A reevaluation should be performed following adequate time to respond to your active treatment of periodontal disease. For areas that continue to exhibit signs of periodontal disease, further active therapy may be indicated. Treatment options available to Dr. Stanton include continued nonsurgical therapy, periodontal surgical therapy, dental implant therapy, or a combination of each. Dr. Stanton's periodontal training and years of management of patients utilizing different modalities of treatment provide him a unique perspective to anticipate your expected response to various treatments available for management of your periodontal condition. We are proud of our abilities to be a patient advocate and provide guidance for what we feel is most appropriate treatment while respecting your right to know about alternative treatments their risks and their benefits.
  • Periodontal Maintenance
    Periodontal maintenance is a specialized program developed for each patient once periodontal health has improved and is stable. These appointments tend to be more thorough than traditional six-month cleanings. They are designed to prevent periodontal disease from occurring in patients who have undergone treatment for periodontitis or dental implant therapy. This ongoing phase of treatment will allow Dr. Stanton and his hygienist to assess your periodontal health and make sure infection stays under control. Periodontal diseases are chronic diseases, just like diabetes. Without careful, ongoing treatment, periodontal diseases can and often do recur.
  • Pocket Reduction Surgical Procedures

    Pocket reduction surgery (also known as Gingivectomy, Osseous surgery and Flap surgery) is a term that is used several different surgeries, all aimed at gaining access to the roots of the teeth in order to remove bacteria and tartar (calculus).

    The human mouth contains hundreds of different types of bacteria at any given time. There are specific bacteria found in plaque under the gum line that cause the body to react with an inflammatory response that can ultimately lead to periodontal disease.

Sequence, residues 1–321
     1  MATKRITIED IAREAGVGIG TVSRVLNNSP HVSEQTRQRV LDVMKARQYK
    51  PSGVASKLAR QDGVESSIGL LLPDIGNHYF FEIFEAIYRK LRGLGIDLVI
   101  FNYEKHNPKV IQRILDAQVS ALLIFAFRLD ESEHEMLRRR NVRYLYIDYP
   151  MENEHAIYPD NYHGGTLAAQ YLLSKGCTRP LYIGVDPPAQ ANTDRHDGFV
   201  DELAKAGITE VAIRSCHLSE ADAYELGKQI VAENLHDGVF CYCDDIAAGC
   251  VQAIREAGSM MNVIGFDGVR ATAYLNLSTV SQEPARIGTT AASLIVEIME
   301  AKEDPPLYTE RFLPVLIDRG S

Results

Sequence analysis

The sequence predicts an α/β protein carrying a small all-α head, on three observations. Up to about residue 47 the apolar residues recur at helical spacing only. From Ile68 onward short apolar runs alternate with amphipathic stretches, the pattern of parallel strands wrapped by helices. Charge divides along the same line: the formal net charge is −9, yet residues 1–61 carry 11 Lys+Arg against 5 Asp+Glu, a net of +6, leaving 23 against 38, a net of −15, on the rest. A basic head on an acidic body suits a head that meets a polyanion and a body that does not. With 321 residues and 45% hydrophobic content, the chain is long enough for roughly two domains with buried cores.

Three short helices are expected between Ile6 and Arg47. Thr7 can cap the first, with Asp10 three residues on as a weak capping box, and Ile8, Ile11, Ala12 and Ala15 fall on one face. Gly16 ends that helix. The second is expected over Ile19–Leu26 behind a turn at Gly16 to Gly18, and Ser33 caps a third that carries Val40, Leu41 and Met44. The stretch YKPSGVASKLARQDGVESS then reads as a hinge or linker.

Periodontal infections cause a chronic inflammatory response in the body that destroys bone and gum tissues once they invade the area below the gum line. Gum pockets form and deepen between the gums and teeth as the tissue continues to be destroyed. Periodontal disease is a progressive condition which, if left untreated, causes increased bacterial growth in gum pockets and can eventually lead to teeth falling out. Pocket reduction surgery is an attempt to alleviate this destructive cycle and reduce the depth of the bacteria-harboring pockets.

  • Reasons for the pocket reduction surgery
    Pocket reduction surgery is a common periodontal procedure which has been proven effective at eliminating bacteria, reducing inflammation and saving teeth. The goals of pocket reduction surgery are:
    • Reducing bacterial spread- Oral bacteria has been connected to many other serious conditions such as diabetes, heart disease and stroke. Oral bacteria can travel to various parts of the body from inside the bloodstream and begin to colonize. It is important to decrease bacteria in the mouth in order to reduce the risk of secondary infection.
    • Halting bone loss- The chronic inflammatory response induced by oral bacteria leads the body to destroy bone tissue. As the jawbone becomes affected by periodontal disease, the teeth lose their rigid anchor. When the teeth become too loose, they may require extraction.
    • Facilitate home care- As the gum pockets become progressively deeper, they become incredibly difficult to clean by the patient. The toothbrush and dental floss cannot reach the bottom of the pockets, increasing the risk of further periodontal infections.
    • Enhancing the smile- An oral cavity that is affected by periodontal disease is not attractive to the eye. In fact, smiles may be marred by brown gums, rotting teeth and ridge indentations. Pocket reduction surgery halts the progression of gum disease and improves the aesthetics of the smile.